Capital controls in Greece need to be lifted immediately, Prime Minister Alexis Tsipras has told the European Central Bank.
During a phone call with Mario Draghi, the bank's president, Mr Tsipras also discussed the liquidity of Greek banks, a government official told Reuters.
The Greek government imposed capital controls to prevent the collapse of the banking system, resulting in banks closing and a limit on the level of ATM withdrawals.
It follows a conversation between the Greek PM and International Monetary Fund Managing Director Christine Lagarde, in which Mr Tsipras was told the lender could not provide funds to countries that had missed payments to it. Greece defaulted on an IMF loan last month.
Dutch Prime Minister Mark Rutte has said Greece must accept deep reforms if the country wants a new bailout package.
Mr Rutte said Greece must decide tonight if it wants to remain in the eurozone.
If things stay the way they are, then we're at an impasse.
There is no other choice, they must be ready to accept deep reforms.
The level of emergency credit to Greek banks has been maintained by the European Central Bank.
The ECB said today it would not change the level of emergency liquidity assistance to Greek banks from the level set on June 26.
ITV News Europe Editor James Mates said the move pushed Greek banks "closer to the edge".
Francois Hollande and Angela Merkel struck differing tones following discussions on the Greek debt crisis today.
At a joint press conference in Paris, the German Chancellor said that they were not yet in a position for further talks with Greece.
French President Mr Hollande said the door remained open for discussions after voters overwhelmingly rejected tough austerity terms set by international creditors.
But Mr Hollande warned Greek Prime Minister Alexis Tsipras he must make serious proposals.
German Chancellor Angela Merkel and French President Francois Hollande have met in Paris to discuss the Greek debt crisis.
A photograph released of the talks showed the two leaders sat round a table with advisers.
The pair are making a joint statement following the meeting.
The White House has urged eurozone nations to find a solution to the Greek debt crisis.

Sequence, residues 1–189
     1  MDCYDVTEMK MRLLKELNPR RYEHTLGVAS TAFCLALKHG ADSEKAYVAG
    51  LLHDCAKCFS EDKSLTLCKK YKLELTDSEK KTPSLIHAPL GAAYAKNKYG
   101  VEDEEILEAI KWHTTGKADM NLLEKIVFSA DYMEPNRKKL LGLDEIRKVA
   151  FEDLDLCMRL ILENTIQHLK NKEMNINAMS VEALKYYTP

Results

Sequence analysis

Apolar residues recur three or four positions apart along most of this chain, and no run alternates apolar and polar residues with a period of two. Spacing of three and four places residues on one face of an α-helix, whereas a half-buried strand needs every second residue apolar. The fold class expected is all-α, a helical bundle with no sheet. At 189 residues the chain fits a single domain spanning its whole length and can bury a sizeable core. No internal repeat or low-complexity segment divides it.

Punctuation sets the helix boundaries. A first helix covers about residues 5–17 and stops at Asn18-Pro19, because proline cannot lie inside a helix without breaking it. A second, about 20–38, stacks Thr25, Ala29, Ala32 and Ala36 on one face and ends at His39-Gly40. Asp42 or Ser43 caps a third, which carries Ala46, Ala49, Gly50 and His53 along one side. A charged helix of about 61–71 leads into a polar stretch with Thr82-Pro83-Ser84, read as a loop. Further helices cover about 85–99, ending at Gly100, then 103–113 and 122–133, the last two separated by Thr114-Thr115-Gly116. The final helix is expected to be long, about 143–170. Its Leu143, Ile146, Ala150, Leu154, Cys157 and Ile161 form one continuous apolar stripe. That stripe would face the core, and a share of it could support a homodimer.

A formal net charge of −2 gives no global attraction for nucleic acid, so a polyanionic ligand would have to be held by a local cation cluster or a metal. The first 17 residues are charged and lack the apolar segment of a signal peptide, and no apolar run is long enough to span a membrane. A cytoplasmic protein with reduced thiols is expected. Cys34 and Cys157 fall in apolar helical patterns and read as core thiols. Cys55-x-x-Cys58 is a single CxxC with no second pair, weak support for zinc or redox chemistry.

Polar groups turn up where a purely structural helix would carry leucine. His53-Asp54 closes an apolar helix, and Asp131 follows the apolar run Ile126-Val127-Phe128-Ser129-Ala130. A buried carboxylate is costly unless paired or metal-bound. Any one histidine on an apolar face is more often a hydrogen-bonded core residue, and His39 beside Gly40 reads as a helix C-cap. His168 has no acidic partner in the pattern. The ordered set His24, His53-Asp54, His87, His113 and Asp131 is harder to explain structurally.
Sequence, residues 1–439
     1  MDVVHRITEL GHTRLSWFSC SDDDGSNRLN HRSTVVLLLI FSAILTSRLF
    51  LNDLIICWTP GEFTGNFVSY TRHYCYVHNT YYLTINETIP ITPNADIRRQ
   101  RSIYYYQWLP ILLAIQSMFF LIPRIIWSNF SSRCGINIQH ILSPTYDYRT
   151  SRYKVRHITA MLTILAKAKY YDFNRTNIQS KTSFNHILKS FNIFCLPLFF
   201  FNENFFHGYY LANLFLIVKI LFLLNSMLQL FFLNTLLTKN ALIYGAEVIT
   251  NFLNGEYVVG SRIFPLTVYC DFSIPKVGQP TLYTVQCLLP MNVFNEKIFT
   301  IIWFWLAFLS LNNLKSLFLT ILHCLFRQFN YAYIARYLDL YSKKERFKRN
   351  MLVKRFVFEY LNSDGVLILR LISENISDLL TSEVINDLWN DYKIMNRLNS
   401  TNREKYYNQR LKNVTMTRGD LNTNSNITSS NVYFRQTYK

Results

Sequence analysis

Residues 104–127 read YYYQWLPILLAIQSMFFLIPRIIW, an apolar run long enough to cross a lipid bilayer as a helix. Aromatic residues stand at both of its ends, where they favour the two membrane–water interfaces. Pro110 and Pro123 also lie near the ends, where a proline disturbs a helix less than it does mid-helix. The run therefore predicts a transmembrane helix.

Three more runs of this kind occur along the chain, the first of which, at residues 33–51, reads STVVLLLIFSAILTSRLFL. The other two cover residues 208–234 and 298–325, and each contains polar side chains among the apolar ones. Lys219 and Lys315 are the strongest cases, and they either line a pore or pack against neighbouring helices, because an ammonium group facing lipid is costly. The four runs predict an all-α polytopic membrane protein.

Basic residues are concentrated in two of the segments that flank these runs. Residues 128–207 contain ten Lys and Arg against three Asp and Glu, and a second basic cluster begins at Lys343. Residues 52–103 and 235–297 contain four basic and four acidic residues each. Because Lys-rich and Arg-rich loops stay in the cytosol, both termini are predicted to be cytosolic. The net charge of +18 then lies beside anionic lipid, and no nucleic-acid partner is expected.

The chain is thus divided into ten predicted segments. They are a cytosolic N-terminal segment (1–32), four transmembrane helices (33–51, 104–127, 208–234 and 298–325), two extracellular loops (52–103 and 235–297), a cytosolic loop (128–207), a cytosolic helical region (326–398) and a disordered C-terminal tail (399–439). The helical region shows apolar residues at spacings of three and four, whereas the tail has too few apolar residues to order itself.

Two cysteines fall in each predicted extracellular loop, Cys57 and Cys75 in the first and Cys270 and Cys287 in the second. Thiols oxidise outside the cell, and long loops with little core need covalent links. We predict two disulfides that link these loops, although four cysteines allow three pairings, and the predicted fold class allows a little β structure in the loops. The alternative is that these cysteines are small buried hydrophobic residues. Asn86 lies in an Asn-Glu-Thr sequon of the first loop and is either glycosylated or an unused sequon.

Spokesman Josh Earnest said it was in European and American interests that a deal be struck to allow Greece to remain in the eurozone.
Mr Earnest said it was up to Greece and its creditors to resolve the crisis, describing it as "a European challenge to solve".
German Chancellor Angela Merkel has arrived for talks with French President Francois Hollande over the Greek debt crisis.
The two leaders are meeting in Paris after Greek voters rejected an austerity package put forward by international lenders in return for a further bailout from the eurozone rescue fund.
Greek banks will remain closed tomorrow and on Wednesday, the country's bank association has said.
The group's head, Louka Katseli, also confirmed the daily limit on ATM withdrawals would remain at €60.
Greek banks were shuttered all last week after the collapse of negotiations on an aid deal and were officially due to reopen on Tuesday, before voters rejected bailout terms in Sunday's referendum.
Euclid Tsakalotos will be sworn in as Greece's new finance minister today, a presidency source has told the Reuters news agency.
Mr Tsakalotos would replace Yanis Varoufakis, who resigned following the referendum result.
"Tsakalotos will be sworn in with the political oath as finance minister," the presidency official told Reuters.
Chancellor George Osborne has told the Commons the risks to Britain are growing as the Greek debt crisis continues.
Mr Osborne said the situation could go from bad to worse and that the prospects of a happy resolution were deteriorating.
This is a critical moment in the economic crisis in Greece.
The situation risks going from bad to worse. Britain will be affected the longer the Greek crisis lasts and the worse it gets.
There is no easy way out, but even at the 11th hour we urge the Eurozone leaders and Greece to find a sustainable solution.